If you’re a noob with some programming experience like me, it’ll be best if you start with a blog post I wrote June 5th 2019: Hello World program in C++

That article will step through installing C++ on your machine, and making sure you can compile a .cpp file into binary. This file is the executable file to run your program from.

Variables and Types

Since C++ is a strongly typed programming language, we have to define the type of a variable at its declaration.

int num;

num = 5;

When double quotation marks " " are placed around a variable it makes it a string constant, or string literal. We’ll see an error if we place quotation marks around our previous example.

num = "5";


playground.cpp:7:11: error: assigning to 'int' from incompatible type
      'const char [2]'
    num = "5";
1 error generated.

Once I run the command to compile my program, this error will be spit out. On the first line it has the name of my file and the number of the line the error occured on. It’s descriptive in that it is telling me that I cannot assign a char type to an int variable. The last line indicates that 1 error was generated from my program.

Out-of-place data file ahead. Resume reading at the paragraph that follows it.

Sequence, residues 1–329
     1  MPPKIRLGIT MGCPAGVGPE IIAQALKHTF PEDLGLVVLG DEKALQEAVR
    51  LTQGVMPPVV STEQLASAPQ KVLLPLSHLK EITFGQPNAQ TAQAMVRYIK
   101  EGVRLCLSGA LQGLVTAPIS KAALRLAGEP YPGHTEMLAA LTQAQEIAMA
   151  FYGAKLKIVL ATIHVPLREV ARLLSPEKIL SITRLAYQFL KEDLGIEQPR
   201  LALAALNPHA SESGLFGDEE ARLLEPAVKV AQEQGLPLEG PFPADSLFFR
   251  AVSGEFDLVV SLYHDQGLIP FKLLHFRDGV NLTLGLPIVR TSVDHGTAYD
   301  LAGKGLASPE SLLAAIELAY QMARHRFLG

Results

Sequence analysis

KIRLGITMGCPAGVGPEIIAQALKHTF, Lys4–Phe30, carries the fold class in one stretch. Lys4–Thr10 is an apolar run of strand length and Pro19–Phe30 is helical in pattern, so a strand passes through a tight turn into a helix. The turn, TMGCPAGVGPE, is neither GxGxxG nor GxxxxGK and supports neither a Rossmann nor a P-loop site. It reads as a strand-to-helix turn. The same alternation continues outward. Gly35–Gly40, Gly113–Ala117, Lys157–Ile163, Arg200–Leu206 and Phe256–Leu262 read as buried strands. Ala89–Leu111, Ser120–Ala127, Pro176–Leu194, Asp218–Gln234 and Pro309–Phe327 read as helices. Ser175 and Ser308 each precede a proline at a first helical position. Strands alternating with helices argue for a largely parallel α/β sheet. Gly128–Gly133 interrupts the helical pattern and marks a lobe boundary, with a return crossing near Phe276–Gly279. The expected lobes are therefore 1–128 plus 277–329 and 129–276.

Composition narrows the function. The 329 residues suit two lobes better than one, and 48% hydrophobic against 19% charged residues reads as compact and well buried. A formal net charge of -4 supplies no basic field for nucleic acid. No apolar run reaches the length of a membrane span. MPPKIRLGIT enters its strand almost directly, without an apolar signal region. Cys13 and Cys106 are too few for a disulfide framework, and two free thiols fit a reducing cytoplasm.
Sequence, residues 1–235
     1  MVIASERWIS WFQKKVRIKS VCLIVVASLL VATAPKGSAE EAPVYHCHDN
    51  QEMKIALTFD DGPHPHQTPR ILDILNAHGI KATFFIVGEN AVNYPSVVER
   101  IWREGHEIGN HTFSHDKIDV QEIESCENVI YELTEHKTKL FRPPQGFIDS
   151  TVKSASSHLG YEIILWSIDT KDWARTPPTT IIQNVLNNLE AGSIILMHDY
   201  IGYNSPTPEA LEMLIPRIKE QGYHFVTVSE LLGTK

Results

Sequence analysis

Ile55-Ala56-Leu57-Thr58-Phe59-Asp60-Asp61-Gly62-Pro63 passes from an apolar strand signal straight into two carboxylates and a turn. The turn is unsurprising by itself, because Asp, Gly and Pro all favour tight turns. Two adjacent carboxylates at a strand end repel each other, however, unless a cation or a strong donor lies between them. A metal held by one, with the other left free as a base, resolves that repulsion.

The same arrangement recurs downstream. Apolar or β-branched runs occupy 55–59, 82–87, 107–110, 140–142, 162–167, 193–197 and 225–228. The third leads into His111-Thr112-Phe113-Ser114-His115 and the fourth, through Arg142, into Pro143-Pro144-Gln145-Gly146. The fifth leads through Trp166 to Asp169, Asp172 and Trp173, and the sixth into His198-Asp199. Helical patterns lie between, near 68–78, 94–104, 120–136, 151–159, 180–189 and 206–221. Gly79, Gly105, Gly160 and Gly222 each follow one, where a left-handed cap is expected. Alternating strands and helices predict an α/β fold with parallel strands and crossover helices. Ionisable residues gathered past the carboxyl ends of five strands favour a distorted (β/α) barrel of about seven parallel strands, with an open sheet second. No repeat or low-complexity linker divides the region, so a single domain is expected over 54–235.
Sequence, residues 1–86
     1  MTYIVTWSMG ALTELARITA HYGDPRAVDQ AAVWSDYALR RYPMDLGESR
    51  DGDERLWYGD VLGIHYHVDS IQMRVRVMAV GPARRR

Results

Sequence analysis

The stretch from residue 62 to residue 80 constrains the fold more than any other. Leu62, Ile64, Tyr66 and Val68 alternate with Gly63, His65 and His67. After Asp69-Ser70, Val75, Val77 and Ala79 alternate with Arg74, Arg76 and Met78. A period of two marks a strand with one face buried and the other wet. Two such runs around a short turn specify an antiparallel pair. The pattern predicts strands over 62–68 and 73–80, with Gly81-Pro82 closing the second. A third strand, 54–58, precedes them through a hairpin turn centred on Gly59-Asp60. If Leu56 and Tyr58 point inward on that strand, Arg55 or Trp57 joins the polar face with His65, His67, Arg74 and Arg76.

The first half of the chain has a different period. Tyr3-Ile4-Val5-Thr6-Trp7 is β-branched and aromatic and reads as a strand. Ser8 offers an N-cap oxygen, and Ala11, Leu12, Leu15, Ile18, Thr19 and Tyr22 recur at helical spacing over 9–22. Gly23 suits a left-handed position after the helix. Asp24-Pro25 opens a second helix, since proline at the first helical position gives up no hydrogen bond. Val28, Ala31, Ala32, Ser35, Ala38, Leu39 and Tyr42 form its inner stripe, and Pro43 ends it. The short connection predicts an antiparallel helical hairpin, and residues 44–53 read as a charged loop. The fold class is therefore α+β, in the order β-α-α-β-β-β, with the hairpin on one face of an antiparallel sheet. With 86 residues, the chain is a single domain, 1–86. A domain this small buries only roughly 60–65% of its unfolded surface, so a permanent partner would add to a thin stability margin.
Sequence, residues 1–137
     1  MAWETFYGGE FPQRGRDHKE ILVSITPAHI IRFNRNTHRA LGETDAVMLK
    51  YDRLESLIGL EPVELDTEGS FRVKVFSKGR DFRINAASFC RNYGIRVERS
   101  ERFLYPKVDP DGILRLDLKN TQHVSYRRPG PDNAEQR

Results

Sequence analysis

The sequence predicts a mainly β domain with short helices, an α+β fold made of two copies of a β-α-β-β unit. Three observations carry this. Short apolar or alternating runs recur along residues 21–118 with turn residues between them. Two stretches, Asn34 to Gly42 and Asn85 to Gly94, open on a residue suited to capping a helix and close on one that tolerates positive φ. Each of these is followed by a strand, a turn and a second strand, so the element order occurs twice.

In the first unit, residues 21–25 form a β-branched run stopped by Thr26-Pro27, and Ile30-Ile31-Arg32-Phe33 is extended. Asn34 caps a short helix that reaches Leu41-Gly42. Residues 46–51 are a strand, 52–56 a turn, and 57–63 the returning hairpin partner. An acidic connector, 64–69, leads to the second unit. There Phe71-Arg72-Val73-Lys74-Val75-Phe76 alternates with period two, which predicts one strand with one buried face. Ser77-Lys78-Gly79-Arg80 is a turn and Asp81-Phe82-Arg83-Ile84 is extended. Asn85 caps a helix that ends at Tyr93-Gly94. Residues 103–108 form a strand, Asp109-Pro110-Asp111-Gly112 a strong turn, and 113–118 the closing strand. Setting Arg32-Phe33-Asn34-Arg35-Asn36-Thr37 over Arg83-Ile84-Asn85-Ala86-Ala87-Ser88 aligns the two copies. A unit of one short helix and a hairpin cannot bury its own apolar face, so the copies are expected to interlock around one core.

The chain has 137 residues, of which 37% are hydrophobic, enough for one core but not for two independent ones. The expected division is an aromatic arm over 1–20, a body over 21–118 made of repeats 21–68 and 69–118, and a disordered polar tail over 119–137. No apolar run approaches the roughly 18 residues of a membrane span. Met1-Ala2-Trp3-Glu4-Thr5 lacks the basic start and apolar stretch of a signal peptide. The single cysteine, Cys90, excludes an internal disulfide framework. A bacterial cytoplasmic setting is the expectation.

Variables and Constants

Legally, we can write variables in camelCase: myListOfThings or with a starting underscore: _myListOfThings or with a capital letter: MyListOfThings

We may not use numbers to begin variable names or include special characters anywhere in variable names.


Constants can be declared at the top of our files, using the keyword const and like other languages, these values are not meant to be changed - and cannot be - in our program.


const double INTREST_RATE = 0.2459;

const double PI = 3.14;

More Types & Type Conversion

We can’t convert types without being aware of them first, so let’s briefly review:

Boolean Type
  • Set to either true or false


int main()
    bool isOn;
    isOn = true;
    cout << isOn;
    return 0;

Output will be 1, as the bool outputs 0 for false and 1 for true values.

String Type
  • Things in quotes!